Fast Learning of Human Interaction Behavior

Learning Patterns of User Interaction on the LEA Robot

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Abstract

This thesis describes three different predictive frameworks which are applied to improve the interaction behavior between a robot and their users. Machine learning is used to train the frameworks. The training data contains information obtained from one user over a period of approximately 3 to 30 days. This work is applied to the LEA robot: an elderly assistant robot.

Each framework is implemented in an exciting real problem with the aim to improve life quality of elderly. The first framework predicts when and from where the user calls the robot to go towards the user on a daily basis. The repetitive events are predicted with an accuracy of 98%. The framework starts to give correct predictions from four examples only. This framework uses a density-based clustering algorithm in combination with a shifting window over the input data. This combination creates a predictive framework that adapts to the user behavior changes.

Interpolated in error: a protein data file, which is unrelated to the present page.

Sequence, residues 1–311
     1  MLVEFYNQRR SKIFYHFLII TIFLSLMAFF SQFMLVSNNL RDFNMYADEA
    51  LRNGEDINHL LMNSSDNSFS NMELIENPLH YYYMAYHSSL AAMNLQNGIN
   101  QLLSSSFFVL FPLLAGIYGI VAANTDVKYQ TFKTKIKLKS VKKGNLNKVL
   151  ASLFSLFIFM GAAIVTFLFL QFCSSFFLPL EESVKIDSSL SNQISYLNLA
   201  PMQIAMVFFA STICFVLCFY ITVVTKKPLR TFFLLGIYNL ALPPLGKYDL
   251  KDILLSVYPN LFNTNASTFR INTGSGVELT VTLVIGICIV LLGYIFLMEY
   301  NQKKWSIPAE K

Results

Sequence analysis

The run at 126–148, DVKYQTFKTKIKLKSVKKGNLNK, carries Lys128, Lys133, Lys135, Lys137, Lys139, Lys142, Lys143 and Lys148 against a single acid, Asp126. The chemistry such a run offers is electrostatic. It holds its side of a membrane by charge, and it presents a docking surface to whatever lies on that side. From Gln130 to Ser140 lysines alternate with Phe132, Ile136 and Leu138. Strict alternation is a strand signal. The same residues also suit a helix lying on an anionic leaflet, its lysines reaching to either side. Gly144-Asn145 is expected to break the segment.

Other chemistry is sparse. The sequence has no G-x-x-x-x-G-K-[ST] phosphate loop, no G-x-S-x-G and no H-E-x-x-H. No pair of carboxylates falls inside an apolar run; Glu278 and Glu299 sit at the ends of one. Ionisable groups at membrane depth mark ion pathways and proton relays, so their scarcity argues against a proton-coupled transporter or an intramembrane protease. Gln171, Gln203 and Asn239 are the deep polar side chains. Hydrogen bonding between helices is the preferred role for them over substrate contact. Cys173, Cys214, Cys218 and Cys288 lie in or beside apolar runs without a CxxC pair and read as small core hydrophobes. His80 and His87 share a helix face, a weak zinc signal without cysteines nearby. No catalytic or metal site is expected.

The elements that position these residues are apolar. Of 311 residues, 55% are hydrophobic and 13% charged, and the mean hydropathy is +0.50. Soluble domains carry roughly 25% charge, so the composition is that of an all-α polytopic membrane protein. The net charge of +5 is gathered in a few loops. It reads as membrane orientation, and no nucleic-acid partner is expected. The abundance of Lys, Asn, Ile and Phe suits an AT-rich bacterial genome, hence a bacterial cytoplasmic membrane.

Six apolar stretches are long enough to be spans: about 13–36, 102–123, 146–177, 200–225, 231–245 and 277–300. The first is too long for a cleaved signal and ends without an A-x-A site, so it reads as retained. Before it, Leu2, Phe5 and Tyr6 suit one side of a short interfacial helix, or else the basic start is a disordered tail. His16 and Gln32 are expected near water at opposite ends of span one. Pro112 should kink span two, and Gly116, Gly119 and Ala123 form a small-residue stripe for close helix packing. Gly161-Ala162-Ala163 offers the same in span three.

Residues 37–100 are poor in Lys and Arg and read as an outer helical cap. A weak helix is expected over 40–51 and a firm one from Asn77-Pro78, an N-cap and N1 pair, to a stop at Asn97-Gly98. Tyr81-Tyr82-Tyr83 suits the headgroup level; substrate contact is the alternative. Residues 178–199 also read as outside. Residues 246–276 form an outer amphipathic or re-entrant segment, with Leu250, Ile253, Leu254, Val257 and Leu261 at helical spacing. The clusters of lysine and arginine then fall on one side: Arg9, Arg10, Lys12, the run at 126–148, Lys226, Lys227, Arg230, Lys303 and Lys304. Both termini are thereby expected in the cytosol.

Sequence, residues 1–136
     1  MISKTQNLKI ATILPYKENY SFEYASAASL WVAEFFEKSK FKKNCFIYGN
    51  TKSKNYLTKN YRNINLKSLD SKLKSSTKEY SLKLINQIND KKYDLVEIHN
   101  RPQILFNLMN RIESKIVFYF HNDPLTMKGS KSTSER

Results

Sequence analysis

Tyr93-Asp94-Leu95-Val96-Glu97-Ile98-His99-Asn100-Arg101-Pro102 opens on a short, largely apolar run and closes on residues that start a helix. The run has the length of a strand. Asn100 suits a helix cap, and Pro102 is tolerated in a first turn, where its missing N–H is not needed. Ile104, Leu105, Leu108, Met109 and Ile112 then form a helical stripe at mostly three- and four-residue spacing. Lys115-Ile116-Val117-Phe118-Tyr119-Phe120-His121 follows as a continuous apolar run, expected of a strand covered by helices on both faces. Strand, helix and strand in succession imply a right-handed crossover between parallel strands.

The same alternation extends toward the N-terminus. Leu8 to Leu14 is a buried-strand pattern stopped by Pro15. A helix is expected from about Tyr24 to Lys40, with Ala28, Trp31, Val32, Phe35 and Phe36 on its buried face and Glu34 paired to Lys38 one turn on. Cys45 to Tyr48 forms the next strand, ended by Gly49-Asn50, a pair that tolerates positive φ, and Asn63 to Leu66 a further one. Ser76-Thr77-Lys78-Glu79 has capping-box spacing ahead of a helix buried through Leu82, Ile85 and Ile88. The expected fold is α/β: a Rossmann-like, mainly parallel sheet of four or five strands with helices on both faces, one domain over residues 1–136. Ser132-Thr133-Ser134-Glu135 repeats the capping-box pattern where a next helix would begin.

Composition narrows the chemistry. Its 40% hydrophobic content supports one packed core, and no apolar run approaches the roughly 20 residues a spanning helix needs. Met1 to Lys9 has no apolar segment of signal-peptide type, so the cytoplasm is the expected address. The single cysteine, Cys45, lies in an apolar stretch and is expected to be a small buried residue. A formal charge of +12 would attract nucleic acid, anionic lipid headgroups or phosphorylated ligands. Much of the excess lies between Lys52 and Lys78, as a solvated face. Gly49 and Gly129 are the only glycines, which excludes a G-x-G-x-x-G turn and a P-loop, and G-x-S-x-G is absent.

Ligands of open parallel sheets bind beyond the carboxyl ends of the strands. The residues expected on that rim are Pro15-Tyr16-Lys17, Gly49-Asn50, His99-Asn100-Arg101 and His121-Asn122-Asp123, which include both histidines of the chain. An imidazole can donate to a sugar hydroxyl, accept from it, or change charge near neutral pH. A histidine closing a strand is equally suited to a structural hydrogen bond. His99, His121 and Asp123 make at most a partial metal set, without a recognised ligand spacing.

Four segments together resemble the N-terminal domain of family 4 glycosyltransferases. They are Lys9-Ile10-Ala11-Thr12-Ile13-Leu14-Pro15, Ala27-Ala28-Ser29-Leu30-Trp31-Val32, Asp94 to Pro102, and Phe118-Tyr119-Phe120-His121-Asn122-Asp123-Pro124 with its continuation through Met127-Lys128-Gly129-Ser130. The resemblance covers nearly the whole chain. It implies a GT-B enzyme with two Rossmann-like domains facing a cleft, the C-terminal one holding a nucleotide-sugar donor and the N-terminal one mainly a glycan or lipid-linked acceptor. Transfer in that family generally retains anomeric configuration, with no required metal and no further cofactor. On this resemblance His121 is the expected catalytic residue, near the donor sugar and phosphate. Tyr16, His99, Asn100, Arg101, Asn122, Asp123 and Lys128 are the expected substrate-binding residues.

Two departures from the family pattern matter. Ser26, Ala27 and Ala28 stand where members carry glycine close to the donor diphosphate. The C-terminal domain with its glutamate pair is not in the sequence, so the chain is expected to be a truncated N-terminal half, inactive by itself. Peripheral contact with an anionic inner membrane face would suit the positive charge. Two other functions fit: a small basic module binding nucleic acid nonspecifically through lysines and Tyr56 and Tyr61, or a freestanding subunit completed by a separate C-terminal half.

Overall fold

The second framework is used to filter undesired warning messages such as e.g. obstacle warnings while walking. The true positive rate is measured to be 100% for events that occur at least once in the three days. The algorithm creates a grid map which is used to memorize trajectories that lead to undesired warning messages.

The last framework predicts the user destination while walking. This is an important aid for patients suffering from dementia. The framework uses the trajectory and the starting time and location as input. A forward neural network is used to classify the room destination of the user. The network has two input layers. The first input layer uses a part of
the trajectory and the second input layer is an embedding layer which reduces the size of "metadata". The framework classifies 66.6 % of the time with a certainty above 85%. When only considering predictions with a classifications certainty above 85%, a predictive accuracy of 97.3% is measured. If all classifications are considered, the framework showed to be 86.4 % accurate, whereas an alternative approach like support vector machines showed to have a predictive accuracy of 60 % on this problem.